Shanghai Restaurant, JW Marriott Kuala Lumpur
Braised Spanish Pork

Steamed Cod (RM68) is highly endorsed for those wanting something from the sea. It’s stuffed with Chinese ham and served with honey and supreme stock paste. I don’t know how chef does it but the flesh is incredibly moist yet still cooked all the way through. Cod is not an easy dish to prepare but chef has done so masterfully.

Chinese restaurant Kuala Lumpur
Steamed Cod

Balancing out the proteins, the Stir-fried Egg White with Dried Scallops and Vegetables (RM48) is another best-seller. A vibrant ring of broccoli encircles an assortment of vegetables stir-fried with egg white, given oomph with the dried seafood and crowned with the yolk of the egg. Break the yolk and whirl it through before serving and for extra zip splash on a spoon of the house blend of sauce made with soy and ginger.

Shanghai Restaurant, JW Marriott Kuala Lumpur
Stir-fried Egg White with Dried Scallops and Vegetables

Deciding between rice or noodles becomes easy with the suggestion of the Stir-fried Flat Glass Noodles (RM78). Made with green beans they’re transparent, indeed vitreous in appearance, and resemble the shape and texture of the flat noodles used in the beloved Malaysian dish, char kway teow. Dried Scallops, crab meat and golden mushrooms add a meaty character and relish to this tummy filler.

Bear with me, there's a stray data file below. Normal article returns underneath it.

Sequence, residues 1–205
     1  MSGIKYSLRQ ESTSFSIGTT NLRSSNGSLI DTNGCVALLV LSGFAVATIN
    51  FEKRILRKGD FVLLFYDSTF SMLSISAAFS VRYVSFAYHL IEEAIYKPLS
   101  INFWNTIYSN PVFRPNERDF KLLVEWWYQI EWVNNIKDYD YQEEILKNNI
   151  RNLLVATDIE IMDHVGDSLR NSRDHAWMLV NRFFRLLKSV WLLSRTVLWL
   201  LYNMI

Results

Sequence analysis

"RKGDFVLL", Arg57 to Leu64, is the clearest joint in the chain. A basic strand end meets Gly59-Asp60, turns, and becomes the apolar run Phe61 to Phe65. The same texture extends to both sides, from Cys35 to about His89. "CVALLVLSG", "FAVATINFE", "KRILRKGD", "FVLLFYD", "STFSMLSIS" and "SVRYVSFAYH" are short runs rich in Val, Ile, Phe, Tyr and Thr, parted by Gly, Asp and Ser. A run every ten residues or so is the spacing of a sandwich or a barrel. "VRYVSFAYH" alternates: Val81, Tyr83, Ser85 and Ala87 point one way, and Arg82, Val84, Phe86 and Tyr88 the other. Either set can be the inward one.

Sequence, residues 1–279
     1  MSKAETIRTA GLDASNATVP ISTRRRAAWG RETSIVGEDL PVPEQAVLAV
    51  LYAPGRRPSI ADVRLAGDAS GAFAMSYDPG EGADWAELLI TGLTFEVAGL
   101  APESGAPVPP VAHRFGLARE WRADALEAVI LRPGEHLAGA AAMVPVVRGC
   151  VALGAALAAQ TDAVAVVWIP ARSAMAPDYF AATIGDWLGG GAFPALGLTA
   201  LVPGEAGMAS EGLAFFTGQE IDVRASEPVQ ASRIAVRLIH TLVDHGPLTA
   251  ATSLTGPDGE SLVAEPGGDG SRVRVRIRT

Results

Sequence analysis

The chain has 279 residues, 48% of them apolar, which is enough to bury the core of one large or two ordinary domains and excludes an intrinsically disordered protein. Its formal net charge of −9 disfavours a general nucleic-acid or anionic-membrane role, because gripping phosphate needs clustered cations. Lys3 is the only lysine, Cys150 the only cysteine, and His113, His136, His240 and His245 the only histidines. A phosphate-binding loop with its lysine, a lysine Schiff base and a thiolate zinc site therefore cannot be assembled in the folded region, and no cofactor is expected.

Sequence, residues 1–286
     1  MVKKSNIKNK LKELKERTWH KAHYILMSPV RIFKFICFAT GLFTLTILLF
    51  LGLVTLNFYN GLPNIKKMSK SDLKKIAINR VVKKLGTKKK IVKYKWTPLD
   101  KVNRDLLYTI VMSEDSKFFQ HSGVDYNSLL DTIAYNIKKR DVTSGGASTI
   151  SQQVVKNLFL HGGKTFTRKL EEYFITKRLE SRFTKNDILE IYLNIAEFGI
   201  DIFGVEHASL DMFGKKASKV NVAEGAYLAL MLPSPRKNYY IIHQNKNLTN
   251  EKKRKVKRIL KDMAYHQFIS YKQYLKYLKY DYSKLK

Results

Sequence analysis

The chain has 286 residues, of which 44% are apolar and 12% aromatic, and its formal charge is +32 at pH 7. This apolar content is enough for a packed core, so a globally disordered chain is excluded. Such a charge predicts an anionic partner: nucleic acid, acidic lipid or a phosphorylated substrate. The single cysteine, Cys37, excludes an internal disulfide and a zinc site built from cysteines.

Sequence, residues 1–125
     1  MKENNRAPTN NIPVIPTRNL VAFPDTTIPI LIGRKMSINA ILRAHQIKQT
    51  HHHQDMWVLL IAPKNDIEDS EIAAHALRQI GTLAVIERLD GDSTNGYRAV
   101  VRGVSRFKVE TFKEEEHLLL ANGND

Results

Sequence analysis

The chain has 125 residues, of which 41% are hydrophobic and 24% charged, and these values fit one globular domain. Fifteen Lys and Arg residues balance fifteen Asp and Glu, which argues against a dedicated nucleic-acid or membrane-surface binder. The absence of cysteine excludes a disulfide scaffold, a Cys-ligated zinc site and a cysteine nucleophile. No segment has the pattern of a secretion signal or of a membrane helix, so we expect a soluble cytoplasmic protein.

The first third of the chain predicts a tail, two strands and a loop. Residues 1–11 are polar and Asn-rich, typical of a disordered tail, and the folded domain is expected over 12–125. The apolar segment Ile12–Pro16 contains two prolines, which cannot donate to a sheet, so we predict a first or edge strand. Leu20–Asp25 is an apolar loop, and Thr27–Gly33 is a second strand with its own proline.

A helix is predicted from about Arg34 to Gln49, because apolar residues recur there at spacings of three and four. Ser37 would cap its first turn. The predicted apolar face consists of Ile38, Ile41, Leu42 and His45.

Chinese restaurant Kuala Lumpur
Stir-fried Flat Glass Noodles
Desserts at Shanghai Restaurant, JW Marriott Kuala Lumpur

A reliable sweet choice for me in a Chinese restaurant has always been Sago with Mango (RM18). I’m not particularly a fan of herby or bitter endings and find some of the authentic Chinese desserts a little too exotic for my palate. A light chilled cream of sago with ripe mangoes and aloe vera, however, is something familiar enough for me to find comfort with a slight shift from the routine.

Shanghai Restaurant, JW Marriott Kuala Lumpur
Sago with Mango

The final highly-commended recipe comes in the form of a Shanghai Layer Cake (RM20, 4 pieces). Arriving in a bamboo steamer basket, the soft sheets of cake are partnered with custard and salted egg yolk. They’re warm, comforting and extremely enjoyable.

Chinese restaurant Kuala Lumpur
Shanghai Layer Cake

Dinner at Shanghai Restaurant, JW Marriott Kuala Lumpur is a delicious and polished experience. Come for the pork dishes and stay for the aesthetically pleasing setting and gracious service.

Reasons to visit: elegant setting; excellent service; pork dishes.

Shanghai Restaurant, JW Marriott Kuala Lumpur
183 Jalan Bukit Bintang
Kuala Lumpur 55100 Malaysia
+6 03 2719 8288
www.marriott.com

* Remember to dress warmly; the air-conditioning works very well.

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10 Comments